- 24 Jan 20
Keane's post-traumatic stress disorder stemmed from years of reporting in conflict zones.
BBC News Africa Editor Fergal Keane has stepped down from his role, citing post-traumatic stress disorder.
The network's head of newsgathering, Jonathan Munro, stated that Keane had been dealing privately with the effects of PTSD for years, stemming from decades of work in conflict zones around the world. Keane notably reported from Rwanda during the genocide, which earned him awards from the Royal Television Society, Sony and more.
Munro added, "He has been supported throughout this time by friends and colleagues in News, as well as receiving professional medical advice. However, he now feels he needs to change his role in order to further assist his recovery. It's both brave and welcome that he is ready to be open about PTSD."
Keane's struggle with mental illness is unfortunately not unique. Reporters often lack counselling services or additional resources to aid them in handling traumatic situations, including crime, domestic violence and war.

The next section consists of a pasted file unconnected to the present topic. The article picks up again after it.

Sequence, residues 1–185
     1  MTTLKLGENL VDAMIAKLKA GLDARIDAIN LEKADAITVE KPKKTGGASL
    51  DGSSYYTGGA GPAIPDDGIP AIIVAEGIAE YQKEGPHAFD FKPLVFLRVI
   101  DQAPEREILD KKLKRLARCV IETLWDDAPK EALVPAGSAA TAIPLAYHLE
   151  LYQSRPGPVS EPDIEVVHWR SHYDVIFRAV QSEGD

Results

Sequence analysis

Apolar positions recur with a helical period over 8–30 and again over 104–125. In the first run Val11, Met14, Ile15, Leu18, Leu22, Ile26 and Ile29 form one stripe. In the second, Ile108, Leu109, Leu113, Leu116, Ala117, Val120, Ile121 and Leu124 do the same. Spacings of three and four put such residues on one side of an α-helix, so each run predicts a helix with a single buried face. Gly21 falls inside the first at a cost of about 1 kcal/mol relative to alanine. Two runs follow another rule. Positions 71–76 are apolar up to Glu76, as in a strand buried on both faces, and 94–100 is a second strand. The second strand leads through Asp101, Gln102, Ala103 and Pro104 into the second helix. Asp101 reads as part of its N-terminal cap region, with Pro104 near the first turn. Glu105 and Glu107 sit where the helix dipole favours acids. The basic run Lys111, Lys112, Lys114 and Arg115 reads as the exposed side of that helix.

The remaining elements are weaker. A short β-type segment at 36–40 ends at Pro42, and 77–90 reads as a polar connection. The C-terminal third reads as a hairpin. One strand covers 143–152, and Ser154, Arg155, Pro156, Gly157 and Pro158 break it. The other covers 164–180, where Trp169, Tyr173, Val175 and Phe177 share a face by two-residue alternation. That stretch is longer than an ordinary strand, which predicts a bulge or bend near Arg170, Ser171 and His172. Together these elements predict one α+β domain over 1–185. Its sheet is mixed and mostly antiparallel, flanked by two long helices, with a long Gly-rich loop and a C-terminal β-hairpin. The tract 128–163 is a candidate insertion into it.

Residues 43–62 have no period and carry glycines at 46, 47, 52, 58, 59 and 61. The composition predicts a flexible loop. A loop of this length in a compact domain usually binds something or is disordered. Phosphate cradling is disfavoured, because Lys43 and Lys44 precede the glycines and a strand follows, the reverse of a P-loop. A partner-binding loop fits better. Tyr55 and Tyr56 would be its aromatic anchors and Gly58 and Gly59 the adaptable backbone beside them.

There are now more organisations that aim to aid journalists like Keane, who must battle with the consequences of trauma reporting. The Dart Center for Journalism and Trauma, a project of Columbia Journalism School in New York City established in the early 1990s, is dedicated to providing journalists around the world with the resources necessary to tackle reporting on these difficult topics. The Mindfield also now offers virtual counselling via Skype to journalists in the field.
Raised in Ireland, the journalist began his career at BBC as a Northern Ireland correspondent in 1989. He soon became BBC's South Africa Correspondent and then moved to Hong Kong as the Asia Correspondent, before returning to the World Affairs unit in London.
Munro said that him and Keane are discussing a new role "that will enable to him to continue to provide original and compelling journalism, on different platforms across News and Current Affairs and more widely across the BBC."